No. 9462.

138 F.2d 992 (1943)


Circuit Court of Appeals, Sixth Circuit.

December 1, 1943.

Attorney(s) appearing for the Case

Charles A. Rond, of Memphis, Tenn., for appellant.

R. G. Draper, of Memphis, Tenn., and W. Carroll Hunter, of Washington, D.C. (William McClanahan, of Memphis, Tenn., and John S. L. Yost, W. Carroll Hunter, and David P. Gordon, all of Washington, D.C., on the brief), for appellee.

Before HAMILTON, MARTIN, and McALLISTER, Circuit Judges.

HAMILTON, Circuit Judge.

Appellant, a producer of cotton, seeks to reverse a judgment which mandatorily required him to file certain farm operator's reports pursuant to the cotton marketing quota provisions of the Agricultural Adjustment Act of 1938, 52 Stat. 31, as amended, Title 7 U.S.C.A. § 1281 et seq., and the regulations of the Secretary of Agriculture issued thereunder. The judgment also awarded the United States $3,123.65, the sum it claimed was due the United States by reason of the cultivation and sale of cotton by appellant in excess of marketing quotas established under the Act.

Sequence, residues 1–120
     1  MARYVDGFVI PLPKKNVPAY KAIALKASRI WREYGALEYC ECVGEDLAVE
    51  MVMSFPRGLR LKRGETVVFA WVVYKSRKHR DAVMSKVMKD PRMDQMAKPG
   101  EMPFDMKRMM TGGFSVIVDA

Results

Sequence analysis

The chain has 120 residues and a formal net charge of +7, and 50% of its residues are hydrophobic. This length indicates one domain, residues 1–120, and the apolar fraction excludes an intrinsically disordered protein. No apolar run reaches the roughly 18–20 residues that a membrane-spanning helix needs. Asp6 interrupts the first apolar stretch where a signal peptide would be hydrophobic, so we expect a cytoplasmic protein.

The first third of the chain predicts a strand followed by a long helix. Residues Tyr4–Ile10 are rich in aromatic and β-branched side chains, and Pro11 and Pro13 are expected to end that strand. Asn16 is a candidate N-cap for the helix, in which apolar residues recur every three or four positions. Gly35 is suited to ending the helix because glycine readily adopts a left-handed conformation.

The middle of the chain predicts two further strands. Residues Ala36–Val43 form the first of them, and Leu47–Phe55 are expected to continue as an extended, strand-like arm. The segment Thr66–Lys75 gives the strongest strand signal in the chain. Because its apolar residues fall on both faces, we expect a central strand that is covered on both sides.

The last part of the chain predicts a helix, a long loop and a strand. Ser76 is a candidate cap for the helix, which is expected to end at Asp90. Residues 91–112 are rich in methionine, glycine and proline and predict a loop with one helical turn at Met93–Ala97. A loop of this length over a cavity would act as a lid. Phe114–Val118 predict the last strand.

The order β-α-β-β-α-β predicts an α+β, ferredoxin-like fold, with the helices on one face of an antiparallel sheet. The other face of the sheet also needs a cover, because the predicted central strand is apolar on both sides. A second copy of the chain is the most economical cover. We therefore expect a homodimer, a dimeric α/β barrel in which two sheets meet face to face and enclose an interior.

During the crop years 1938, 1939 and 1940, appellant was engaged in operating cotton farms in Tunica County, Mississippi. Under the provisions of the Agricultural Adjustment Act, cotton acreage allotments were established for appellant's farms for each of the crop years. Appellant marketed 826 pounds of cotton in excess of his quotas for the year 1938-1939, 92,719 pounds for the year 1939-1940 and 10,952 pounds for the year 1940-1941. On account of these excess sales, appellant became liable for the sanctions under Section 348 of the Act 7 U.S.C.A. § 1348, in the sum of $3,123.65. The amount of the sanctions was determined for the crop year 1938-1939 through farm operator's reports made by appellant. Appellant refused to file any report for the crop year 1939-1940 and refused to file a complete report for the year 1940-1941.

Appellant contends that the provisions of the Act invade the rights and powers reserved to the several states in violation of the Tenth Amendment to the Constitution and that the provisions of Section 372, 7 U.S.C.A. § 1372, unlawfully delegate to the Secretary of Agriculture the legislative and taxing powers of the government. These contentions are rejected on the authority of Wickard v. Filburn, 317 U.S. 111, 133, 63 S.Ct. 82, 87 L. Ed. ___.